Eventually, I ran out of food one month when my stipend didn’t come through on time. On the metro, I can remember glaring at a girl eating a vegetable tart and thinking about how I could go about stealing it. Another time, I sold books to buy my tram ticket to go to work. Things always perked up again, but I won’t forget how much I didn’t like being hungry or walking 45 minutes to work because I couldn’t afford a tram ticket. That really stunk.

On the metro, I can remember glaring at a girl eating a vegetable tart and thinking about how I could go about stealing it.

Doing a PhD at a French school without a recognized partnership with an American institution means that my loans are now in repayment and represent about a third of my PhD stipend of 1300 euro per month. Luckily I have a loving and understanding husband who helps me get through the tough times. I’ll be graduating in a year which will hopefully lead to a raise and broader perspectives. Things are looking up even though I’m down on myself quite a lot for having been so foolish with my loans.

If you have student loans or know someone who does, remember to be supportive and forgiving of yourself and others. While you may have been foolish, paying them back can be really rough and it’s important not to measure yourself against impossible goals. For example, certain ‘Debt Free’ bloggers make more than my yearly stipend in one month. That sure helps with debt!  

I hope to use this blog as a way to share my life in France with others, while helping them to understand that they are not alone. Okay, repeat, “I am not my debts. I am a human being.”      

How to Halloween in Europe

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In the United States, decorations for every holiday imaginable pop onto store shelves weeks or months ahead of the intended date. Towards the end of September, I’m already stalking the aisles of Target, ogling sparkly pumpkins and other Halloween goodies. I’m also the only person in my family to be able to stomach candy pumpkins. One of my favourite snacks is diet coke and candy corn. Yes, I am aware that this is not normal.

Being in France has put an abrupt end to many of my Halloween festivities. No more pound bags of Brach’s candy corn and candy pumpkins, no more miles of fake spider webs decorating my neighbour’s porch. Oh wait, we don’t have a porch anymore, we have a stoop.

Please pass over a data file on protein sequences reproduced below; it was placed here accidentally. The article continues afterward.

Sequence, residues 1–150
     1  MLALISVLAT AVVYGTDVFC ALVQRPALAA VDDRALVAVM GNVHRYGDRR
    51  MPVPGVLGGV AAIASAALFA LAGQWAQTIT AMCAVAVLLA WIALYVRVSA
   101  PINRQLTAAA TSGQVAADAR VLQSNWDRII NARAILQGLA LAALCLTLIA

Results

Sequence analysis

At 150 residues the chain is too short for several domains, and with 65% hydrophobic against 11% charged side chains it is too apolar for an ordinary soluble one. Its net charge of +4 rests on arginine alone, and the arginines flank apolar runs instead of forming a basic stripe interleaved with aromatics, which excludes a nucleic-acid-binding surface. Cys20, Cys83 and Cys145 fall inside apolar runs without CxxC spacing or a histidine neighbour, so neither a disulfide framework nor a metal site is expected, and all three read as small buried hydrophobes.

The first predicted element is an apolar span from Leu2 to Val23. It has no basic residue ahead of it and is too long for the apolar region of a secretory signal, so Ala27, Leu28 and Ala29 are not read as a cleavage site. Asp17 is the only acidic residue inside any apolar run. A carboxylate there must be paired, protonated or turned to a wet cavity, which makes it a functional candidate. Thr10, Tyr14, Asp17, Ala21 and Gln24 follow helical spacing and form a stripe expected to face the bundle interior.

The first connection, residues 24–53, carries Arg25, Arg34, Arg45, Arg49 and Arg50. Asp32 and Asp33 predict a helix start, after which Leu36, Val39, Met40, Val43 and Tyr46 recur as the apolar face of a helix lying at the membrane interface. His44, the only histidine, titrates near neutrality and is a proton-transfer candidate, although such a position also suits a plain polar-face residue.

Halloween is one my favourite American holidays, so it helps me to feel more connected to my roots to be celebrating it here. I’m also kind of proud of it as an American institution. Dressing up and visiting the neighbourhood is a great way to bring communities together. Watching scary movies and celebrating death is also a way to be less afraid of it.

Here’s a few ways that I try to celebrate Halloween in France while sharing it with my friends and co-workers:

1. Buy some squashes

What we would call a pumpkin (citrouille) in the States is usually defined under the more general term courge or squash in France. Whether buying courges or citrouilles, varieties here are usually grown for their taste and the quality of their flesh. That doesn’t mean they aren’t as festive and cute as their American cousins, but it does complicate carving a bit. A good compromise is to place a candle on or next to your pumpkin without cutting into it. You can use it for a delicious pumpkin soup or pumpkin pie afterwards.

2. Decorate even if you feel silly

Halloween decorations aren’t a big deal in France, so you might hesitate to put out your ghosts, pumpkins and fake spider webs. Don’t! Your friends and co-workers will be interested in your traditions and want to learn more about them. This is a great way to make friends and share something positive about American culture. What we’re most known for here in France is obesity and drink holders for litre-sized cokes. Help change that.